Bloodnut released their debut less than a year ago, when my tenure at AMG was still in its infancy. Although the sheer amount of fun the trio had proselytizing redheads was infectious, the drunken stumbling gait and vodka hooligan vocals did Blues from the Red Sons no favors. As so many bands take themselves too seriously, it hurt a little more than usual to gingerly let the band down and mark their score in the red. It must have put some fire in their gut, because the boys are back to bring peace and justice to Gingers, in less time than it takes Jari Mäenpää to make a sandwich.
I was secretly hoped I’d have a Mr. Miyagi-like influence on these guys with my review, because I loved the wacky concept. Imagine my delight upon discovering the slurred, off-tempo vocals of Blues have largely been replaced by a raw stoner belt in direct lineage with Neil Fallon (Clutch) and Brent Hinds (Mastodon). While somewhat inconsistent, it’s a massive improvement over my biggest gripe with the debut. Doug McHardlane’s throat stands its ground throughout the opener “Space Orangutan,” an early highlight of St. Ranga despite the time it takes to really get going. The ginger theme has been expanded upon with the introduction of the titular orangutan, a deity for redheads, made up on the spot and inspiring such wonderful lines as “Let he who is full of shit cast the first hand full of shit” or “Praise be to the Space Orangutan, he’ll rip your arms out of their sockets and beat you with them.” Although the band has tuned down their sound and injected some doom heaviness into the disc, they still have that tongue-in-cheek humor that I loved in the first place.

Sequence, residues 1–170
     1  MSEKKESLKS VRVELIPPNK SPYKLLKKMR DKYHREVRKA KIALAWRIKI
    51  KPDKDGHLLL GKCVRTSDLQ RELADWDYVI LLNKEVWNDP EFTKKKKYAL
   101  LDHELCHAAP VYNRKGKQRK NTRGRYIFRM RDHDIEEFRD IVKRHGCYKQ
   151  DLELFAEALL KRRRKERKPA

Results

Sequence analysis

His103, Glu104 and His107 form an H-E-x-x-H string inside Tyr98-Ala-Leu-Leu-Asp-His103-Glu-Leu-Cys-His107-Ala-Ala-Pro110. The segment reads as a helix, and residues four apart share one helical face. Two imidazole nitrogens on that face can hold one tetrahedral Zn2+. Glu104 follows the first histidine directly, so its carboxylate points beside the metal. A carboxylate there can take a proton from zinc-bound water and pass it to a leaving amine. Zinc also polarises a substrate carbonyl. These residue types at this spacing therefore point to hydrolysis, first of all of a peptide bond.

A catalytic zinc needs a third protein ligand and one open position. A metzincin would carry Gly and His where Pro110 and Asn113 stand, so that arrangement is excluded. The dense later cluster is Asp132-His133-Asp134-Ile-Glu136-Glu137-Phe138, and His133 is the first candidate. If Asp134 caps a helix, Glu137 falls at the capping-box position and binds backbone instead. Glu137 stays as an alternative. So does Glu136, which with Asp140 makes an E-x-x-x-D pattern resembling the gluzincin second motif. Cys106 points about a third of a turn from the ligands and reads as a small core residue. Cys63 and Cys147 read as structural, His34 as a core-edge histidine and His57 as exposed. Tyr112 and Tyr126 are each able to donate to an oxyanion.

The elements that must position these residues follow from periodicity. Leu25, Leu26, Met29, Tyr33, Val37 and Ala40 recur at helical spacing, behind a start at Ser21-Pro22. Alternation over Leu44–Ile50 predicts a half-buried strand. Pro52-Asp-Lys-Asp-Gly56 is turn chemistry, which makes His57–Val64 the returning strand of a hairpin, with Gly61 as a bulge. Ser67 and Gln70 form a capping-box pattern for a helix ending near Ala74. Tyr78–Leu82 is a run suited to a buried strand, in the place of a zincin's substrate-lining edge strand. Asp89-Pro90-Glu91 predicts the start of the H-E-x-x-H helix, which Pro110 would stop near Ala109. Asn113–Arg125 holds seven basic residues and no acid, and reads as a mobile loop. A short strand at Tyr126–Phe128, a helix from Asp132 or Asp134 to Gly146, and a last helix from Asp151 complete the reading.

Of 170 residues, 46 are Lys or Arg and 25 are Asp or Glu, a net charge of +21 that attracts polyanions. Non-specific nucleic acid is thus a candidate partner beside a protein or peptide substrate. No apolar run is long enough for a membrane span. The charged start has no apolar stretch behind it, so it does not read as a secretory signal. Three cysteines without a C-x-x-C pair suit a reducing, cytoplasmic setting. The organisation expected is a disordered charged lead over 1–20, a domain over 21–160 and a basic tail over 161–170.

The other five songs are a bit more hit and miss than the opener. “Space Orangutan” succeeds not only thanks to the fun lyrics, but a massive, pounding riff as well. There’s no riffs of that quality on the rest of the album, although the rumbling groove and pound of “Mark of the Outcast” is catchy enough and there’s a nifty vibe of blues swagger on “Burning Boosh” (which I’m pretty sure is about redhead girls who dye their hair but give themselves away by their ‘burning bush’.) But the band is not bringing their A-game on the two closers, which feel too drawn out and lack the wild, raw energy of the first half. They’re not bad, but I can’t convince myself they’re good, either. All that missing energy is crammed onto “The Fire Inside,” a punk-infused track that is over in two blinks. Sadly, here the vocals fly off the handles again in a flash of debut atavism.
These shortcomings would have been easier to forgive if it weren’t for the mastering. I’m all for fuzz, and my expectations of stoner/sludge/doom bands don’t include a high dynamic range in the first place, but this disc contains more crushed fuzziness than a trash compactor full of tribbles. I couldn’t tell you if this disc contained any measure of subtlety because the production leaves none of it intact. The wall of fuzz drowns out the vocals and homogenizes the riffs, which is especially fatal on the closing tracks that already lack memorability.
When I first popped on St. Ranga, I was still pleasantly surprised thanks to the strong opener, and the absence of my largest complaint about the predecessor. I thought injecting some groovy doom into the wall-shaking stoner sludge of Blues for the Red Sons was a good move, and the self-mythologizing humor creates a lot of goodwill with me, as does their pledge to donate 10% of the St. Ranga sales to melanoma research. But the ear-shattering production and weak back half sunk the boat for Bloodnut. Taking less than a year for a sophomore album is a bold move, but it didn’t prevent the dreaded slump for the gaggle of gingers. If these guys can sand an edge onto their songwriting and let go of their obsession with the massive wall of fuzz, I’d eat it right up, but this is not an imaginary deity worth worshipping just yet.